Hermeneutical Series: Is Jeremiah 29:11 a Promise of Blessing for Today?

by Rob Lundberg

You see it on bookmarks, on tee shirts, graduations books, artwork and a whole bunch of other means of social media and bling. The passage that I am going to address is this post  is Jeremiah 29:11, which is preached in the context toward prosperity and answered prayer on a prayer-gram.  Many of you have seen or read it,

“For I know the plans I have for you,” declares the Lord, “plans to prosper you and not to harm you, plans to give you hope and a future.”

But with all the ways this passage is “used and abused,” this passage really for us today or is it solely for ancient Israel.  What  I would like to do in this post is set up the context and then share some thoughts on why this historical passage should not be used by believers today.  That’s right, you read it.

What is the context?

If you are going to do a correct biblical interpretation (hermeneutic), we need to understand one thing: Context is King!   So looking at the context of the Book of Jeremiah leading up to chapter 29, we see that it is about Israel’s disobedience and God’s punishment.  In fact, chapter 29 is written to the exiles in Babylon, who were there because of disobedience (Check out chapters 25 and 27).

The promises in chapter 29 are for restoration following judgment understanding that discipline will bring obedience (vs. 12-13). We read the immediate verses following Jeremiah 29:11, and we read, “Then you will call on me and come and pray to me, and I will listen to you. You will seek me and find me when you seek me with all your heart” (29:12-13).

Knowing what we know now, let me share three quick thoughts that will help in our understanding of this passage.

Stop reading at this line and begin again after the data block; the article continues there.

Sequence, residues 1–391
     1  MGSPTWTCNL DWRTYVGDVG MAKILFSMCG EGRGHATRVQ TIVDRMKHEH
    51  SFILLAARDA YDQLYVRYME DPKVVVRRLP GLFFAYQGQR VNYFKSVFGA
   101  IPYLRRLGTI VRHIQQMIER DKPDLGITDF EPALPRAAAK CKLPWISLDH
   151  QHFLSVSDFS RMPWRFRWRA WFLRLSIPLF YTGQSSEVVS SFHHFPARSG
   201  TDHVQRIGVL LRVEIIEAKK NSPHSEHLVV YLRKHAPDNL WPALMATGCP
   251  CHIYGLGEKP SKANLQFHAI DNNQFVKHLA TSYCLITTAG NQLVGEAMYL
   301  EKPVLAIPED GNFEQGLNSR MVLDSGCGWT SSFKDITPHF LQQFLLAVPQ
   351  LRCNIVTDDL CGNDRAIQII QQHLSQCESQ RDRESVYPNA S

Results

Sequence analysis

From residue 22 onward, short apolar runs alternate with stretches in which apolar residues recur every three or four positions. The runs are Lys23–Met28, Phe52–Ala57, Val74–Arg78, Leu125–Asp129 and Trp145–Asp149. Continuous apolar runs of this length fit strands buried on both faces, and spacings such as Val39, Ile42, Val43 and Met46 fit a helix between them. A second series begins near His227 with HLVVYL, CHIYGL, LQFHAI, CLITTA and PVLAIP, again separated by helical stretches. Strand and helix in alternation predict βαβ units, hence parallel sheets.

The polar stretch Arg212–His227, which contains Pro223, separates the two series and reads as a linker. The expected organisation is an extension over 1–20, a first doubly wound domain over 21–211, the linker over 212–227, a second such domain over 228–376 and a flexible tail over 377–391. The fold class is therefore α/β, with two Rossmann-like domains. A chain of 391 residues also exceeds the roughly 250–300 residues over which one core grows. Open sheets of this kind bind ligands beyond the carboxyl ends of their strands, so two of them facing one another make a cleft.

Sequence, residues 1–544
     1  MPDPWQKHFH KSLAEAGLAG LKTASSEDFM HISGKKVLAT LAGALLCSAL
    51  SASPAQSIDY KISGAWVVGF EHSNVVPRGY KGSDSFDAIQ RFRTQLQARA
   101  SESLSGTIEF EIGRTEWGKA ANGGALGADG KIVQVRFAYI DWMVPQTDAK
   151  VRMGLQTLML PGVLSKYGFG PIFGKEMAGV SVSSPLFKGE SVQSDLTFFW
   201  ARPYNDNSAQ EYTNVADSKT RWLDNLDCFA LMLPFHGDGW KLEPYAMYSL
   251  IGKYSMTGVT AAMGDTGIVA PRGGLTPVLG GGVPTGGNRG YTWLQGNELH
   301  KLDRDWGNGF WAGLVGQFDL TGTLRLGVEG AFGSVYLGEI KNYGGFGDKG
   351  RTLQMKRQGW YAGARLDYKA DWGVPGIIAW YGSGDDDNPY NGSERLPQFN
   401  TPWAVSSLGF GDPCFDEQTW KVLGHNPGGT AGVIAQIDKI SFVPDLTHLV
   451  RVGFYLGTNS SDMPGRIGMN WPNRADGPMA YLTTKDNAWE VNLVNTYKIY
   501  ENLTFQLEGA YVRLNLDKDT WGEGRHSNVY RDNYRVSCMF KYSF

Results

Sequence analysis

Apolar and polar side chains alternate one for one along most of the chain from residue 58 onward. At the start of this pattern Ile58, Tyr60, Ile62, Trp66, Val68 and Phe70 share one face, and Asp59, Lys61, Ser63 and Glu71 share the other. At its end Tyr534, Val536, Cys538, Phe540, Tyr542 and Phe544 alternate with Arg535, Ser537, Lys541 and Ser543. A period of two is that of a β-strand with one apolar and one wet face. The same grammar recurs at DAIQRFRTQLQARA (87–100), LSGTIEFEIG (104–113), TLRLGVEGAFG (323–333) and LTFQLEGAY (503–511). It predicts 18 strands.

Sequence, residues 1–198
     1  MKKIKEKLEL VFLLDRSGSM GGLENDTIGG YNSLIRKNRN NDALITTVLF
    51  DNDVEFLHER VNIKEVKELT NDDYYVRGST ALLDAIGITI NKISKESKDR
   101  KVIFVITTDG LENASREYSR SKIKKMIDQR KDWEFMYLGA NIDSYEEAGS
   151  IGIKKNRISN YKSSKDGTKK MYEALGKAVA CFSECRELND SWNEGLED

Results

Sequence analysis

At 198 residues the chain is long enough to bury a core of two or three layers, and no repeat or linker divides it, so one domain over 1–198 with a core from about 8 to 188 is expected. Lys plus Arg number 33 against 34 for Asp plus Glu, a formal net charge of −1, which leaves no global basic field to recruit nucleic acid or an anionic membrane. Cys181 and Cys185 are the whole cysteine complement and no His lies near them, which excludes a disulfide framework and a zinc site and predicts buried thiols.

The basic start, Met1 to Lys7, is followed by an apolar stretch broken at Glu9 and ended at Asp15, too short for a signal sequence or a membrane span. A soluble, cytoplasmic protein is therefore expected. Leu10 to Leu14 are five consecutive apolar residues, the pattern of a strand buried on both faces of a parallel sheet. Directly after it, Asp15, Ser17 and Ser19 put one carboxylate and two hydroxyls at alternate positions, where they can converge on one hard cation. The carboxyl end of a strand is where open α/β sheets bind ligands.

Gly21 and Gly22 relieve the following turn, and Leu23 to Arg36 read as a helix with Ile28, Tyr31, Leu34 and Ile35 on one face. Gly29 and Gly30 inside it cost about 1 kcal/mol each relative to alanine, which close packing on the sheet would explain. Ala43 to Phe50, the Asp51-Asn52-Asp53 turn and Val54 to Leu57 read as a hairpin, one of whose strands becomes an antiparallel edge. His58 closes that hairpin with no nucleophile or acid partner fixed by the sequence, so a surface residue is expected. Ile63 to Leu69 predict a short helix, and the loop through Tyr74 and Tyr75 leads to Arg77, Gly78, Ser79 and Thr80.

First we have to exercise care and caution on how we use Old Testament promises like Jeremiah 29:11.   Jeremiah 29:11 is a great example of a verse that was spoken to a particular people, at a particular time, but is now often taken out of context and applied to individual readers as a means of blessing or prosperity.

We quote this Scripture to people with terminal diseases, to people who have lost loved ones, and generally to anyone who is suffering. And what does this do? It drives people away from the God when their cancer doesn’t go away, or when they can’t get over their grief through the church alone.

Second, misusing this passage in today’s context has the potential to set up some unrealistic expectations.  This is one of the worst things that can be done to a new Christian, and this verse is the most misused culprit in the creation of those expectations.   I am sure that many in the grips of the Prosperity Gospel and possibly the New Apostolic Reformation groups are missing the passage as a means for blessing. But what happens when the blessing does not come? 

Third, when coming to the passage for our understanding, we need to know who is being spoken to. Jeremiah is writing to the Israelites, promising a specific end to their Babylonian exile. He says that “When seventy years are completed for Babylon, I will come to you and fulfill my good promise to bring you back to this place, in Jeremiah 29:10, just one verse prior. Once again, context is king; and if you miss the context you then miss the meaning and the intent of the passage. 

God is specific with those plans, and those plans are specifically for the exiled Israelites. It is also important to keep in mind that, looking at the context of the Bible as a whole, when God says that He wishes to prosper us, that generally means in a spiritual sense—this is the ultimate form of prosperity.


While this verse, again, doesn’t guarantee our personal, material prosperity, we can see the character of God in it.  He cares for us, and has the big picture in mind with no Plan B. No matter the situation, He can bring us back to His presence. This verse is an example of God’s character rather than a general promise to all Christians, and we when we quote it, we should quote it as such.

So if you are using this passage in the wrong manner and avoiding the context, using it as a promise for blessings and prosperity, I have just three words for you, as I close this post.  Just STOP It!


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